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InSight – A Geophysical Observatory for Mars

Prof Tilman Spohn  |  Institute of Planetary Research  |  German Aerospace Center (DLR)  |  Berlin


On Nov 26th, 2018, the NASA InSight mission landed on Mars at Homestead Hollow, Elysium Planum as the first geophysical observatory on another terrestrial planet. The payload includes a seismometer SEIS, the Heat Flow and Physical Properties Package HP3 whose primary goal is to measure Mars’ geothermal heat flow, a package to measure the variations of the planetary rotation axis, a magnetometer and atmospheric pressure and temperature sensors. HP3 – built and operated by the DLR - consists of a mechanical hammering device called the “Mole” for penetrating into the regolith, an instrumented tether which the Mole pulls into the ground, an infrared radiometer (RAD) mounted below the lander deck to determine the surface brightness temperature, and an electronics box. The tether is equipped with 14 platinum resistance temperature sensors to measure temperature differences with a 1-σ uncertainty of 6.5 mK. Depth is determined by a tether length measurement device that monitors the amount of tether extracted from the support structure and a tiltmeter that measures the angle of the Mole axis to the local gravity vector. The Mole includes temperature sensors and heaters to measure the regolith thermal conductivity to better than 3.5% (1-σ).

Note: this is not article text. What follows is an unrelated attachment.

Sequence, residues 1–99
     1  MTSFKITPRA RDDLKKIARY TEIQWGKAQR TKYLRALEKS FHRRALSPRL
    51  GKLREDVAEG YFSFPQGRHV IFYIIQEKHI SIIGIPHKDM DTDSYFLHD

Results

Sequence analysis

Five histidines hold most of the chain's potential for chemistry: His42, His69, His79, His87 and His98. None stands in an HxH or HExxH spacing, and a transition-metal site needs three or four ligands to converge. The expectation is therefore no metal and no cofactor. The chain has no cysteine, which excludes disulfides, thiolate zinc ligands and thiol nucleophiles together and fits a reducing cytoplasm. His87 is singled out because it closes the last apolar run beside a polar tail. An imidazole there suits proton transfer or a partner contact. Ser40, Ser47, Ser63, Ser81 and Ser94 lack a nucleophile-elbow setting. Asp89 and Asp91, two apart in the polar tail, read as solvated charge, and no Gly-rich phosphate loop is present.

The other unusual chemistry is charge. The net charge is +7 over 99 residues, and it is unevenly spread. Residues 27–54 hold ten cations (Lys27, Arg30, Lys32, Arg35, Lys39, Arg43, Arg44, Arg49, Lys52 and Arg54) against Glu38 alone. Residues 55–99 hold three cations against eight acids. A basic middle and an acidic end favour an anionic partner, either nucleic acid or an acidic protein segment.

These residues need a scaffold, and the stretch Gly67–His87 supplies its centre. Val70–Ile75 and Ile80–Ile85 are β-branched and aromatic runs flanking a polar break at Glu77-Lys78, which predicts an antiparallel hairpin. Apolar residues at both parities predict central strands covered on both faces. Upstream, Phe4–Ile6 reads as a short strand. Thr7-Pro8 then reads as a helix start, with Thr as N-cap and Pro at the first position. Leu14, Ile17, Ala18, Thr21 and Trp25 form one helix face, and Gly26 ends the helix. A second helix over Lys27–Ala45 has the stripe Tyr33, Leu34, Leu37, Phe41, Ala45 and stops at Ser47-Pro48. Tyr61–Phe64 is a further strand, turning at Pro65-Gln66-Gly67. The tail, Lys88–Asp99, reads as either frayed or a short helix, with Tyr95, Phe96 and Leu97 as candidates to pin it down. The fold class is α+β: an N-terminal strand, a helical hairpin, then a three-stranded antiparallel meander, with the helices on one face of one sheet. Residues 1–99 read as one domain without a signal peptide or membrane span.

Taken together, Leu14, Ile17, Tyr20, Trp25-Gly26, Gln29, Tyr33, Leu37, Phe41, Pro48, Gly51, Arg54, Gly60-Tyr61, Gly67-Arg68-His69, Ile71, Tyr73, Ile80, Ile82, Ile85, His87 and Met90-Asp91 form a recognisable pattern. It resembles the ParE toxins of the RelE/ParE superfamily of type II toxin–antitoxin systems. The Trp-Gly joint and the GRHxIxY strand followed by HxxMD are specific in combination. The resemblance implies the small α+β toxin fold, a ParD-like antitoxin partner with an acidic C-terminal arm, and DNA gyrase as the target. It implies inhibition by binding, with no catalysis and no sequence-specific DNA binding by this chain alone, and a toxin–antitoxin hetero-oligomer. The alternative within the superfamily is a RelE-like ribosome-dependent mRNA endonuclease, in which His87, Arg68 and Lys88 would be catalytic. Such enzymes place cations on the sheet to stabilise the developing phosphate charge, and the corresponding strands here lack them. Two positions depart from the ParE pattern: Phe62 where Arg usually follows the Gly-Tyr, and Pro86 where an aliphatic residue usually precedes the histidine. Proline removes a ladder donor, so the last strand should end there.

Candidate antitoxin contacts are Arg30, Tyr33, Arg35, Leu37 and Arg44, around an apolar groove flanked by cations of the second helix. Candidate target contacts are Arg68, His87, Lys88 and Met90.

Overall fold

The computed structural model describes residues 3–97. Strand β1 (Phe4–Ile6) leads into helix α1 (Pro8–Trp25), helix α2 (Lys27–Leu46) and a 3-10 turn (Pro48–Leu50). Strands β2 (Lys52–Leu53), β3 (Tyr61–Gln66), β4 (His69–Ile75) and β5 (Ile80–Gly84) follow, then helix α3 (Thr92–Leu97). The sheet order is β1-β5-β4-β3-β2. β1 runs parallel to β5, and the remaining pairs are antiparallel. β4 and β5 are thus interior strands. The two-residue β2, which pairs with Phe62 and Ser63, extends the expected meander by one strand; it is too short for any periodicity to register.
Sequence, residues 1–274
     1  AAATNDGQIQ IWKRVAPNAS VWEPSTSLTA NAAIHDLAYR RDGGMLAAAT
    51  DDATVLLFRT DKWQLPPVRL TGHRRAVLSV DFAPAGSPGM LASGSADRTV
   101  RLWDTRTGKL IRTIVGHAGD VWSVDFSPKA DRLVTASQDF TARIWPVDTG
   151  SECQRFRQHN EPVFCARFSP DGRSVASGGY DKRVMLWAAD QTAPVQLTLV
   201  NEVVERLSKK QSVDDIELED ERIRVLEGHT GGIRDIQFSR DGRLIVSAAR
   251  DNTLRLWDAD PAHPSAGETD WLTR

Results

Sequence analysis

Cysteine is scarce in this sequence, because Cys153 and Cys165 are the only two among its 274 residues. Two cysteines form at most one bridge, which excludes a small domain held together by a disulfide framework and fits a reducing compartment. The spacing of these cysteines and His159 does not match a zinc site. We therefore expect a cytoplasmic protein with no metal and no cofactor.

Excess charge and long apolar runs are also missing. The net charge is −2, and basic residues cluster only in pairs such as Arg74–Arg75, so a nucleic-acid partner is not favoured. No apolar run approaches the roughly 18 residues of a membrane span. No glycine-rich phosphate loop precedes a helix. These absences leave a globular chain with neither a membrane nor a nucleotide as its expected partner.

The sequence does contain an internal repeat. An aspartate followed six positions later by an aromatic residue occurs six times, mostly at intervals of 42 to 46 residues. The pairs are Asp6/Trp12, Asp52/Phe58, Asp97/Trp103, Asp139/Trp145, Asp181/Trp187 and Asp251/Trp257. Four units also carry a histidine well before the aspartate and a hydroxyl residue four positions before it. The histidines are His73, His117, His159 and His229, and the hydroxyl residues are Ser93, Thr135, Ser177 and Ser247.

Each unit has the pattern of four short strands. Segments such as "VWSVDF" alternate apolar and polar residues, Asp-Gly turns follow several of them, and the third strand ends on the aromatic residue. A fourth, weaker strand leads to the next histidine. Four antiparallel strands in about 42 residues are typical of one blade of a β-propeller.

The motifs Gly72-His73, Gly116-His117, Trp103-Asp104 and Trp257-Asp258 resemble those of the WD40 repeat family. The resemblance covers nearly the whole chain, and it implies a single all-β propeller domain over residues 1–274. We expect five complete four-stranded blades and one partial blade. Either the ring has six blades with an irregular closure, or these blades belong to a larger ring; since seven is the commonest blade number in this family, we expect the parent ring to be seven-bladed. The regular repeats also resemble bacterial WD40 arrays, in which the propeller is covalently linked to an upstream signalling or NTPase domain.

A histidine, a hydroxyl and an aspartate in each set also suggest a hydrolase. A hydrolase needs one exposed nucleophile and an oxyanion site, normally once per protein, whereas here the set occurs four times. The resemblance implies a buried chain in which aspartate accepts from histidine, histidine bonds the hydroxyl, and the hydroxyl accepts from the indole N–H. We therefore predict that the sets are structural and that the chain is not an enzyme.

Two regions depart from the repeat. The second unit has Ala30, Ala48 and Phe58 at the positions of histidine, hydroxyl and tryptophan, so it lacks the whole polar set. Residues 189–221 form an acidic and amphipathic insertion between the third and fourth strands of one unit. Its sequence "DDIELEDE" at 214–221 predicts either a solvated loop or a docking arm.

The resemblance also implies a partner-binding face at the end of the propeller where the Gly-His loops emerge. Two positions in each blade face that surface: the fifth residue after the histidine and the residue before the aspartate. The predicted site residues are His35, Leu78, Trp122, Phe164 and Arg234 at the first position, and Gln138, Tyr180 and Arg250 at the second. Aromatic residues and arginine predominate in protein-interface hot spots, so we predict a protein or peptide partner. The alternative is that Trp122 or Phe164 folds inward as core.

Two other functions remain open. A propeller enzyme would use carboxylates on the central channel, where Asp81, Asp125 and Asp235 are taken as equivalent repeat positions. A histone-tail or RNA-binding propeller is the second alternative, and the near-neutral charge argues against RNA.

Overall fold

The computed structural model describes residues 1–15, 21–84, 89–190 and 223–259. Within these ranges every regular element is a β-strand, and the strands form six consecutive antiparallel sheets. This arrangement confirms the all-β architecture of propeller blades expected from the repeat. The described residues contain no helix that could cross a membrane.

The surface heat flow is calculated by multiplying the geothermal gradient and the thermal conductivity of the regolith. It is expected to vary across the surface of Mars, but modeling suggests that at Elysium Planitia, the surface heat flow is close to the average value.

The Mole is planned to penetrate to a depth of at least 3 m but at most  to 5 m. The requirement of a minimum depth of 3 m will help to significantly reduce errors introduced by the annual surface temperature variation.

By the time of writing, SEIS has recorded about 15 events of which one has been classified as a magnitude 3 quake with clear P and S wave arrivals. The mole on HP3 is – unfortunately – still stuck at a depth of 30-35 cm. The radiometer RAD was successfully deployed and has measured the thermal inertia and observed three Phobos eclispses. This is the first time that a Phobos eclipse has been observed in the infrared in-situ on Mars. The atmosphere pressure and temperature sensors have observed a large number of vortices and dust devils. The magnetometer data suggest a local magnetization 10 times stronger than suggested by previous orbiter data.  

A “rescue operation” for the Mole has recently been started after careful examination of the situation including listening in on the hammering with the seismometer. Of the most likely possible causes for the Mole’s being stuck is insufficient friction on the hull. Loading the surface with the arm is a possible remedy and will be tried later this month.